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I am new to the world world of Bayesian-MCMC inference and have been working my way through various texts. I am having some difficulty understanding how MCMC works. I understand that it is a way of sampling from the posterior distribution. What is puzzling me, however, is how the probabilities of the posterior distribution have been calculated. That is, if the Markov Chain is sampling from the posterior distribution, that posterior distribution must have probability values on some axis. How were those calculated?

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In short, the posterior is a probability value between 0 and 1 which is calculated from Bayes rule, which In phylogenetic usage is given as the product of the prior probability and the likelihood divided by a normalising constant. The posterior probability allows you to state the probability of some hypothesis given the data at hand (as opposed to the likelihood parlance, which is probability of data given hypothesis).

In a phylogenetic setting, the sampler works (roughly) like this: propose some value of a parameter (topology, branch lengths, etc.) and use the specified prior and calculated likelihood for that parameter value given the data to calculate the unnormalised posterior. Next, propose a new value, and repeat the same step. Compare the two values, and if the posterior probability of the second is greater, accept this parameter value and repeat the cycle again. In this way the Markov Chain moves through posterior space until it reaches a reasonably stable optimal approximation of the posterior distribution. Here, we want to get as many samples as possible to maximise the accuracy of our posterior. The maximum a posteriori (MAP) value of the parameter and its credible intervals, etc, will come from the distribution of these samples.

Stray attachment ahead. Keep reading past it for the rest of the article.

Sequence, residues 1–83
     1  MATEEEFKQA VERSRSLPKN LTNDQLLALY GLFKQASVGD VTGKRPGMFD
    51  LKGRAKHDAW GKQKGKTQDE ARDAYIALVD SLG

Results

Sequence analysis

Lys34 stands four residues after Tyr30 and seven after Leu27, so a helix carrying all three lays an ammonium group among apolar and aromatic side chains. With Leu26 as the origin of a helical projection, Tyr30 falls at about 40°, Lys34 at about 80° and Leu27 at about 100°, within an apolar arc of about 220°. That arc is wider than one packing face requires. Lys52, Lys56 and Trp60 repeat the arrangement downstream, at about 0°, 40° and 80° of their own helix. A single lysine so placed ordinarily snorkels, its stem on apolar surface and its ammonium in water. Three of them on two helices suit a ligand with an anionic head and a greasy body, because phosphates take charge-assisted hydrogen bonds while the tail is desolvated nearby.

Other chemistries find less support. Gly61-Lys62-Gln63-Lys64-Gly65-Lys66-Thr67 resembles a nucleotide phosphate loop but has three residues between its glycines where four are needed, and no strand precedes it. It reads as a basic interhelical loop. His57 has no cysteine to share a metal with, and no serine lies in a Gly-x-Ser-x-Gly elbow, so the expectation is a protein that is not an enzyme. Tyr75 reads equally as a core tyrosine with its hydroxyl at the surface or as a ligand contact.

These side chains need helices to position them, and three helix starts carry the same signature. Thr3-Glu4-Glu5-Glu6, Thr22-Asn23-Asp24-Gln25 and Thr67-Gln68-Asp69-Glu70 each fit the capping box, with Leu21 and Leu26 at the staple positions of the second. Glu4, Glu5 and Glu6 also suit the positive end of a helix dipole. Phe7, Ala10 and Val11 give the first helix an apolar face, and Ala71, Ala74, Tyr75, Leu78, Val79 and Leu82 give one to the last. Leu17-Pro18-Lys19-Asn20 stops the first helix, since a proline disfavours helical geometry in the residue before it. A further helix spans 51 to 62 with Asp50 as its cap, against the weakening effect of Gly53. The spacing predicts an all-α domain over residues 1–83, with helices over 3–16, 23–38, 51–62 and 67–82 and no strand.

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  • $\begingroup$ Thank you so much! This is very clear and helpful. There is just one detail that I am hung up on, namely this step: "use the specified prior and calculated likelihood for that parameter value given the data to calculate the posterior." How can this be calculated without knowing the marginal probability/normalizing constant? $\endgroup$
    – Namenlos
    Jul 29 '18 at 18:39
  • $\begingroup$ @Namenlos this is actually related to a property of the Metropolis-Hastings algorithm: because each step of the chain explores ratios of a value which is proportional to the posterior (that is, the likelihood multiplied by the prior; the numerator of Bayes' rule), the denominator of the posterior cancels out. Samples from the chain therefore give you an estimate of the posterior probability. I've edited my answer to reflect this. $\endgroup$
    – NatWH
    Jul 30 '18 at 7:00
  • $\begingroup$ Extra details can be found in this excellent introduction to Bayesian phylogenetics $\endgroup$
    – NatWH
    Jul 30 '18 at 7:05
  • $\begingroup$ Ah, I see. Thank you again. This is starting to make sense now. $\endgroup$
    – Namenlos
    Jul 30 '18 at 18:03

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